“Since our pen is too small for five adult deer and we are only licensed for two, we will be releasing Summer and her triplets in the coming weeks to roam the nature center property once again,” said a sign at the center explaining the unlikely family.  “We believe they will remain here, though they are free to leave if they choose. Young deer usually spend the first year or more with their mother. We will eventually obtain another orphaned fine when one becomes available.”

Summer and her fawns are more shy than Baby the Deer, but he Pleasant Ridge native happily comes to the fence to get petted by visiting humans and to lick their hands and faces in return.

The fawns do not have names since they are only temporary guests.  They mainly hide in the taller branches stacked in the middle of the pen, or the little shelter.gallowaycollens1

From a muddy little path around the perimeter of the pen, visitors like the Mahoney Family of Troy love being able to come to the center to connect with Baby.  Lucy, Leo and Fiona love being able to see the deer and feed them sticks of celery and carrots.

“We’ve come a couple of times before,” said Susie Mahoney as the children were busy trading smiles with their gentle woodland friend.  “We live on the West Side of Troy and we see deer all the time.  The kids are curious and they wanted to know more about deer so being here, in the middle of a wooded area and seeing them up close, is so good for them. There is just something about being in nature and taking the time to connect,” she said.

Summer and the fawns could be released into the wild soon, leaving Baby to her lonesome and a vacancy for one more deer.

garden16_ann_perryThough she will be alone in the pen for a time, it’s unlikely that the doe will feel lonely.  Just to the south of her pen is a pen for wild birds.  Beyond that is a lake with lush environment of fragrant grasses wildflowers and other native plants that provide a home for many wild creatures.  Other deer pass through, as well as the humans that bring her food.  Visitors from Pleasant Ridge often make the trip and sometimes post updates in online forums.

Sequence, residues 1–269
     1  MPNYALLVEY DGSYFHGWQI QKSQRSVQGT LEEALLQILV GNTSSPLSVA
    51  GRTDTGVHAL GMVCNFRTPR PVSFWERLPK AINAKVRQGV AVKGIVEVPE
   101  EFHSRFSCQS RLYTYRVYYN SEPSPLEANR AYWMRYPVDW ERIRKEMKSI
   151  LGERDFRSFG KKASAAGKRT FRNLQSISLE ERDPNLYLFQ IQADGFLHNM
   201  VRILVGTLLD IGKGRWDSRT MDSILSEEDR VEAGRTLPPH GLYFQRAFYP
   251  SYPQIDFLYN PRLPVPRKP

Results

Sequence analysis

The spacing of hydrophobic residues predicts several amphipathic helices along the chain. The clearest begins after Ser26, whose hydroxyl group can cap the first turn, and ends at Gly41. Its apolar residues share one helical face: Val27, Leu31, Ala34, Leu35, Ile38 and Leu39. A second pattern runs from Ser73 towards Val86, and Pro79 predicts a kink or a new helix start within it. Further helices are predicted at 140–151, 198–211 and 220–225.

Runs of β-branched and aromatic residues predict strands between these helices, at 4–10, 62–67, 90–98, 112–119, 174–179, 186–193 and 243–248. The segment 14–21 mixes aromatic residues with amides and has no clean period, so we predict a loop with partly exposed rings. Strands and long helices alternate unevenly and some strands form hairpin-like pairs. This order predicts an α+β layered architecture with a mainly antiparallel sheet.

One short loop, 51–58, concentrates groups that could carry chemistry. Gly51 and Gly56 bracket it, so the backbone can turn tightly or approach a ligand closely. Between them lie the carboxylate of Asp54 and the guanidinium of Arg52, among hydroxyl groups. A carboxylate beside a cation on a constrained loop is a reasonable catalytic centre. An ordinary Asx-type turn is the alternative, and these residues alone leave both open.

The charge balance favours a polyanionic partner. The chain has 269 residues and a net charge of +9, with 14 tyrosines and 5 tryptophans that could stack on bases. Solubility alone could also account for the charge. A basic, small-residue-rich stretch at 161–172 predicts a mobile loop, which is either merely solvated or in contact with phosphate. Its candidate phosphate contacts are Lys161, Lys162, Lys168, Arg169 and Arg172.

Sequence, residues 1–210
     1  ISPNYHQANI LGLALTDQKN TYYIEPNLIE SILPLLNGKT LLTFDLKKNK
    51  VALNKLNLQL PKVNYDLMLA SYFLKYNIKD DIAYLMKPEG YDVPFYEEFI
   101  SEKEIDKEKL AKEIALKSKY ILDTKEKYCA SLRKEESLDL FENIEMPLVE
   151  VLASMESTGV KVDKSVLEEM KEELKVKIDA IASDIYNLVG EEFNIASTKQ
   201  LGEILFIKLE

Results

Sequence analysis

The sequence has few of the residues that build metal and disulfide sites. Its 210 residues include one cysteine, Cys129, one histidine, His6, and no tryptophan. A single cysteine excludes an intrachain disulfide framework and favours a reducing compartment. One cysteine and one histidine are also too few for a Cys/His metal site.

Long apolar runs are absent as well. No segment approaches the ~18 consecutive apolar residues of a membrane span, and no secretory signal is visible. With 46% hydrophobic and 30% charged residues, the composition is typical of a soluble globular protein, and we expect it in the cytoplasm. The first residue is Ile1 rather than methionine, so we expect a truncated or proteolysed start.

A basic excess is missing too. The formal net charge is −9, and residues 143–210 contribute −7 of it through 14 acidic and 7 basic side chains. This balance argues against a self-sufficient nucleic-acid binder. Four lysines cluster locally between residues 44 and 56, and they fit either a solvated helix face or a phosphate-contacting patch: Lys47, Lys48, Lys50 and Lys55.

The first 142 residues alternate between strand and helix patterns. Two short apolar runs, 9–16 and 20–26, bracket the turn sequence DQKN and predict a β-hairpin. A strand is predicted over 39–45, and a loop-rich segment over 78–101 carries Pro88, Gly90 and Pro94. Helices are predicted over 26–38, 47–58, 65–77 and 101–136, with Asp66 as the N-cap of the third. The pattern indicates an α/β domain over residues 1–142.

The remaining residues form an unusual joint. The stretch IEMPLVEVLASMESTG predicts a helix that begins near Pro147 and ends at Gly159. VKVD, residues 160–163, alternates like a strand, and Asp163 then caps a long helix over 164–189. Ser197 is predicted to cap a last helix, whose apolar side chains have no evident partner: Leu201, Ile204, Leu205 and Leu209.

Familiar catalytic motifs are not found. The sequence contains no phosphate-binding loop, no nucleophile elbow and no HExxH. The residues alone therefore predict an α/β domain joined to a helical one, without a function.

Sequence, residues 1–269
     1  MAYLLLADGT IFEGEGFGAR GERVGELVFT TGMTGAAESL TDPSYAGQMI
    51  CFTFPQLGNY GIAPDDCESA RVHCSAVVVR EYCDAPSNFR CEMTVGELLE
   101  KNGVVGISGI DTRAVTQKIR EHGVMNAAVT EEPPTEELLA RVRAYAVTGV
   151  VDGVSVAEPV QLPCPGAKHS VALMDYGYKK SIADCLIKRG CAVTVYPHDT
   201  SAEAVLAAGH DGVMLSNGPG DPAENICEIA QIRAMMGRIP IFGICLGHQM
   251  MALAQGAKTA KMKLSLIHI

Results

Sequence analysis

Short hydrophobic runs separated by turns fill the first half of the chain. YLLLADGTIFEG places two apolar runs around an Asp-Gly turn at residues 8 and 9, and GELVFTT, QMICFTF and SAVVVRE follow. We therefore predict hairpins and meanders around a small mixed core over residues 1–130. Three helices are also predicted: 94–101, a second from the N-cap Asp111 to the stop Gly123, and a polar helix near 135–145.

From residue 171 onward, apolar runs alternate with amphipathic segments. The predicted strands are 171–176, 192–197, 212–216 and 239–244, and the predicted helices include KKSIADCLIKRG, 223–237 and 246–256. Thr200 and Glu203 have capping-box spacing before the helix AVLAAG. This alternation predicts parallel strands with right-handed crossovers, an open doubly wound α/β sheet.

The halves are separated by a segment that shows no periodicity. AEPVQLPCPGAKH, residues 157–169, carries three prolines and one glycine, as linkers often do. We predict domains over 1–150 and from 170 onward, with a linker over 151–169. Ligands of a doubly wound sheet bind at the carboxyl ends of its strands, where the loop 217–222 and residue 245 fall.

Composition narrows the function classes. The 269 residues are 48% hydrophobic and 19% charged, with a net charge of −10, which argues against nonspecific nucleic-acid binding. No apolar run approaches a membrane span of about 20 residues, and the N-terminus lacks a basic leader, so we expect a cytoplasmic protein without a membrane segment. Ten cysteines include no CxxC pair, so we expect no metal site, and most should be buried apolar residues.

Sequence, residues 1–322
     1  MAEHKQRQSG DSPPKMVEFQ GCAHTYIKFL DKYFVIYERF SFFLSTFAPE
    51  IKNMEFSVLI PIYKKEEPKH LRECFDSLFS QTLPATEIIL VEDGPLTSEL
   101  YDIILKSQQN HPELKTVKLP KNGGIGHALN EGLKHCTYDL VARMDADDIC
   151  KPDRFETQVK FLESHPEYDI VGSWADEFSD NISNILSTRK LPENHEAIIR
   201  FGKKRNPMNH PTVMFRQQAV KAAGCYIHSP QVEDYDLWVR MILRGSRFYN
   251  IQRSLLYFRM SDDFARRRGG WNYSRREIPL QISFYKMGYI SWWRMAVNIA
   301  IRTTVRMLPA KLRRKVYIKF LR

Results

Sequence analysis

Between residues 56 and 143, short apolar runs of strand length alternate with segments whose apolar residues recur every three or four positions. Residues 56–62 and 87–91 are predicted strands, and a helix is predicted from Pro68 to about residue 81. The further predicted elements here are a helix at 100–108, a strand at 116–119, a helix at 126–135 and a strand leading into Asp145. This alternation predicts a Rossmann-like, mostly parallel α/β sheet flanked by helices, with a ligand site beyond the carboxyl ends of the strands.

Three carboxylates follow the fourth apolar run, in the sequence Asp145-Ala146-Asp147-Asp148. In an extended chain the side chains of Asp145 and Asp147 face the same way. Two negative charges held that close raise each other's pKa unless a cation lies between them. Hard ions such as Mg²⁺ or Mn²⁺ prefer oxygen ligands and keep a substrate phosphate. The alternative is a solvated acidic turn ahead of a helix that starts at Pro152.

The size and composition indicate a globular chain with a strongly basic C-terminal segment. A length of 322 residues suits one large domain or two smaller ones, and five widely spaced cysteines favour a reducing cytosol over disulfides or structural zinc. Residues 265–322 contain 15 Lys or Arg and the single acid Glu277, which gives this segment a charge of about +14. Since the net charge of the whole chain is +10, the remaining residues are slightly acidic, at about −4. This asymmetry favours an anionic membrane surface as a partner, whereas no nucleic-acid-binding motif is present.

Tracy Leigh Bechard Magiera was one of the many people who helped care for the orphan before the big move north.  “It’s amazing to see how she’s grown and how much more accustomed to people she is,” Magiera said.  “I am so thankful that she did not meet the same fate as her Mom and that so many people are loving on her!”
The Mayor of Pleasant Ridge Kurt Metzger will never forget Baby.  “Numerous community events in Pleasant Ridge (this weeks Synchro Swim show being a perfect example) make me take stock of how special and caring a community we have.  The saga of Baby, however, still SaharaNEW02stands as the ultimate example of a community coming together to guarantee a successful outcome.  While many of us were ardent followers of her adventures through the PRPR Facebook page, it was Tracy Magiera  and her merry band of spotters and feeders who took it upon themselves to make sure that Baby’s story had a happy ending.

Baby also helps educate schoolchildren through the year.  The E. L. Johnson Nature Center is owned and operated by Bloomfield Public Schools and is open to the public 7 days a week.

To learn more about the E. L. Johnson Nature Center, including how to donate to help support the center, go to